Is there a way of knowing the limit of adhesion, other than scaring yourself a few times?

Thanks

Iain
This is a great question! Scaring yourself a few times can for sure slow you down and make you a little bit more aware of where the edge might be lingering, however, without a real solid understanding of what the bike is telling you and why, those warnings may not actually be teaching you anything. Several years ago I wrote an article covering this exact topic...I've been trying to cut and paste it here but haven't updated my website in so long I can't remember the access password, lol. So you can find it in it's entirety here: http://www.motomom.ca/the-limit-explori ... -traction/

What I mean by that is that, as Keith Code (Author of Twist of the Wrist II) says "without a firm grounding in basics, it's easy for riders to misidentify what they think is a loss of traction when it isn't or because of poor technique they may skip a band or two and get themselves into trouble."
Hi,

Thanks for trying to answer the question, though I'm not sure you have, or (anyone) can. I've been mulling this over for a while.

What I mean is that technique and learning to ride better are all great and need to be done, however even with sound technique and solid skills the signs (to me at least) are not the same on any bike or indeed on the same bike in different situations, temperature, speed, lean angle, tyres etc.

Taking the old ZX6r as an example, on new tyres, in the dry, on a good road, it would drop in and roll all the way to the edge, then give a little weave as if to say that's enough, going beyond was trouble. The BMW is a big heavy bike and though I haven't pushed the front to the edge or overloaded it with speed, already the sign seems to be a vagueness or not quite planted, almost aquaplaning in the dry feel (without stepping out). How close that is to a wash out I don't intend to find out.

I was curious if there was a universal "feel" that could be learned, but i'm not sure it exists, though happy to be proven wrong.

Great articles by the way, more please.

Iain
I wouldn't say there is a "universal feel" for being on the edge of traction, (so to say) for the reasons you point out above. Different bikes, different tires, different suspension, different riding surfaces etc can all make a bike handle and react differently. However, as the article outlines, the better your overall riding skills are, the more you are able to understand and react to or read the signs of the bike you are on.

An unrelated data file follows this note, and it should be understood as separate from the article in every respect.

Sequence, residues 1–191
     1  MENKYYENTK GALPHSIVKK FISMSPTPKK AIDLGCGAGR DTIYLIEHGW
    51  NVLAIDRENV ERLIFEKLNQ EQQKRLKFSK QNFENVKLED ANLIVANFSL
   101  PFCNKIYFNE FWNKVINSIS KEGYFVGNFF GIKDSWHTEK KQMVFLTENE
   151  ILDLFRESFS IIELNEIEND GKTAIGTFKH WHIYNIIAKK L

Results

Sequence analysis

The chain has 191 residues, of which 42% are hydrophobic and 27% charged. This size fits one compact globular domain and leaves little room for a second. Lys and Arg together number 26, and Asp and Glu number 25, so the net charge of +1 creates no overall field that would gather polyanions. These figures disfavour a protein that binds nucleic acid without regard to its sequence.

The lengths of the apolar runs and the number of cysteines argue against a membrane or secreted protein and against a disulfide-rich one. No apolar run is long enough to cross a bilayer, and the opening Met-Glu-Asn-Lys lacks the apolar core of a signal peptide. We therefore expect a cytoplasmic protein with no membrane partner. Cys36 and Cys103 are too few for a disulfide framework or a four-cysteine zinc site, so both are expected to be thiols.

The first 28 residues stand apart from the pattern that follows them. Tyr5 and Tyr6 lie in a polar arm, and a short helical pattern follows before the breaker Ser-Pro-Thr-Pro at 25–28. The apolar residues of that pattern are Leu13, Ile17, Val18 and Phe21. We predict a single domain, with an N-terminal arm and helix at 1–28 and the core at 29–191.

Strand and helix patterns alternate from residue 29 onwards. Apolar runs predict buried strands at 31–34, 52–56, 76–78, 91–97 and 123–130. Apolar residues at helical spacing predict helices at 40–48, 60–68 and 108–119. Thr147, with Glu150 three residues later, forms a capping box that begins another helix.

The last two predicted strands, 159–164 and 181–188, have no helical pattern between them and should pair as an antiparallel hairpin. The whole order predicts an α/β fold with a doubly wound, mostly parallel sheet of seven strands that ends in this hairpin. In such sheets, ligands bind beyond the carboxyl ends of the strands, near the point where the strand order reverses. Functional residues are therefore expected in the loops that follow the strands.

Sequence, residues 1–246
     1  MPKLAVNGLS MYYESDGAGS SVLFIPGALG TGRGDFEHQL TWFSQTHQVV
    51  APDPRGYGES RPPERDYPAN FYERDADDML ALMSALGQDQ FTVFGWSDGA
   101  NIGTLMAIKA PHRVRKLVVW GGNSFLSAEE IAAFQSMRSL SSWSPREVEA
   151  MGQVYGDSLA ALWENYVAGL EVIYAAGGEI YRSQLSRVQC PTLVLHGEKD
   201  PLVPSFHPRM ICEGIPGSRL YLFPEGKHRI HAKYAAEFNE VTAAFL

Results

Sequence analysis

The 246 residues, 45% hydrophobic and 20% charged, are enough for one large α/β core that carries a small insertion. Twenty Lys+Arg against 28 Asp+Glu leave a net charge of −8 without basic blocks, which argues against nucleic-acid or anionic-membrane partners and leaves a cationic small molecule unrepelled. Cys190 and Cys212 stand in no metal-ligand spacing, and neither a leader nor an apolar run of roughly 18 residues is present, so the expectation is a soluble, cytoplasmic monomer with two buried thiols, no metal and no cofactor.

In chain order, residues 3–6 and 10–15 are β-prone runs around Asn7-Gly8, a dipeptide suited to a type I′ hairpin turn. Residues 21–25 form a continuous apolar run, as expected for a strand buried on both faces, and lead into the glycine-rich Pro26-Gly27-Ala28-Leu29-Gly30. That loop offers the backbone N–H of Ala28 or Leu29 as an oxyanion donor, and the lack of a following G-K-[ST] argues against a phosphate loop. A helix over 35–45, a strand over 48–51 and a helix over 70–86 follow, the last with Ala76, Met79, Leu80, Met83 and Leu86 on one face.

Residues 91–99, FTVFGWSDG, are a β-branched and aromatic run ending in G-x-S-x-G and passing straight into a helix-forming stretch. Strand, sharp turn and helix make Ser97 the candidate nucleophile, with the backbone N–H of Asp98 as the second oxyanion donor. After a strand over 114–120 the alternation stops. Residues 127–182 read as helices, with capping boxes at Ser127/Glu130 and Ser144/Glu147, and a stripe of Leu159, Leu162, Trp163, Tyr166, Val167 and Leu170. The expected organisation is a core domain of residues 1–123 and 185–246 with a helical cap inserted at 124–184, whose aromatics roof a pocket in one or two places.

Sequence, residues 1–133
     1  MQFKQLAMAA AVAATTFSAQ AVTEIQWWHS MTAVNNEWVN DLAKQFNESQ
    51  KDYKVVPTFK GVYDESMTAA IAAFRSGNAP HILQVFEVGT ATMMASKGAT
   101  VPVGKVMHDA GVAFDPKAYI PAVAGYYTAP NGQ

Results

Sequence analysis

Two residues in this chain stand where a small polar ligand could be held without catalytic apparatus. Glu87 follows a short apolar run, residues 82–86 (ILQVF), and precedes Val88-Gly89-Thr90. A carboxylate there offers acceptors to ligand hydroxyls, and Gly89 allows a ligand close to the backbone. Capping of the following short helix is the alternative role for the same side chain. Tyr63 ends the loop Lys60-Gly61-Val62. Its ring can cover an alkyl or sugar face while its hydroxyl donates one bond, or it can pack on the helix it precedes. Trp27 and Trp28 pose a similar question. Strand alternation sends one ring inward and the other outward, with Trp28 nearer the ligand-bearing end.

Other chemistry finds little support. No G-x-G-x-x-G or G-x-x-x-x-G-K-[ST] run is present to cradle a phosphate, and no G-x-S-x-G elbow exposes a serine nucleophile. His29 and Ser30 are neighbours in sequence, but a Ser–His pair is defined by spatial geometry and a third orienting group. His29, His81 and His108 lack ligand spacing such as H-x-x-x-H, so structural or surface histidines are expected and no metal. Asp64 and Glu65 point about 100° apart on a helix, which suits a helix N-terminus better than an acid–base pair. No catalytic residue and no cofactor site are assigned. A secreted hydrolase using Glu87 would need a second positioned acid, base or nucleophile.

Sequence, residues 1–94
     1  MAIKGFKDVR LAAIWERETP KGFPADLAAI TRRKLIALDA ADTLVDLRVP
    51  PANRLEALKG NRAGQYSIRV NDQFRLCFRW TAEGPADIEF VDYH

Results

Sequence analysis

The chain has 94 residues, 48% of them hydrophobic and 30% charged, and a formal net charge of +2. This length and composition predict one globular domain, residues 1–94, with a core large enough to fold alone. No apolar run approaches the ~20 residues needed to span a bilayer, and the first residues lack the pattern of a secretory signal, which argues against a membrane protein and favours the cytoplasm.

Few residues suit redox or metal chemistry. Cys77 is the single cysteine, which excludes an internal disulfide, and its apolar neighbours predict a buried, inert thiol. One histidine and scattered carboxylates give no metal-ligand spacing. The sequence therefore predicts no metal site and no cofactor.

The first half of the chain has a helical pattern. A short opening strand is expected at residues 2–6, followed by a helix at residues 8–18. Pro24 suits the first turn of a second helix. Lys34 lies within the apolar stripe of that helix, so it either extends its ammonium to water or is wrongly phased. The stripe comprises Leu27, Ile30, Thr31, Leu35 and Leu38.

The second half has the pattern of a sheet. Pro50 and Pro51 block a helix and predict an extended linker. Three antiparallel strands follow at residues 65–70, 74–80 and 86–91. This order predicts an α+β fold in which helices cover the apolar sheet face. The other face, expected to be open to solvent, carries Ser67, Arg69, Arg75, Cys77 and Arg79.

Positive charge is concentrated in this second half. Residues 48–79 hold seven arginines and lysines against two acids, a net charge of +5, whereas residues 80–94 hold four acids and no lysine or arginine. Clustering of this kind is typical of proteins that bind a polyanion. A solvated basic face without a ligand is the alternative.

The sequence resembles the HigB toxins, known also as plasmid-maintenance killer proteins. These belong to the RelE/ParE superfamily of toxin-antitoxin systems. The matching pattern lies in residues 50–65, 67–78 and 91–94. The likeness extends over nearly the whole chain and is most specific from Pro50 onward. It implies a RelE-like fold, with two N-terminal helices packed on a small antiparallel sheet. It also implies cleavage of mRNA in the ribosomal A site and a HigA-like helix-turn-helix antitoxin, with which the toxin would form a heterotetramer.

You outline above a lot of "small" feelings you are getting from the bike, like "vagueness, not quite planted, aquaplaning, dropping and rolling"...etc. This indicates to me that you have a decent idea of the feedback that the bike is giving you. Amazingly enough there are some students/riders (even fast ones) that have NO IDEA how the bike feels and are often surprised when they ride right past the edge of traction.

Basics, like good throttle control are paramount to understanding feel and traction limits because throttle control is what helps stabilize the bike and make it feel planted. If throttle control is not being applied the way it should be then the bike can feel unstable and signs that you are nearing traction limits can be missed or misinterpreted.

I feel confident as a rider switching bikes and riding situations because I know that my throttle control and other techniques (like braking, visual skills, lines etc) will all be pretty decent and that gives me more attention and ability to focus on the smaller differences between the bikes in order to learn how they respond and react to certain inputs. Reading those signs give me an indication of how near or far I am from the edge of traction. This is why some people can ride similarly quick on different bikes, because they have the skills to understand the differences.

Glad you like the articles :). Anything topic in particular you are wanting to learn more about? :)

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Re: How to coach motorcycle riding :)

Post by Elmer J Fudd » Wed May 06, 2020 10:21 am

Glad you like the articles :). Anything topic in particular you are wanting to learn more about? :)


Hi Misti,

Well that would be everything, love reading about all things bike related.

In terms of technique:

How do some racers / riders manage to break traction at both ends deliberately and still keep control would be interesting, not that i'm going to try it.

Body position in corners, what is the theory / physics involved, does it make much difference on the road?

And maybe the holy grail for those of us without active suspension, but some adjust-ability: how to set up your suspension (for your physique, ability and style), be it road, off-road or track. This is a book in itself, but even though it can have a great impact is rarely discussed beyond the boy racers.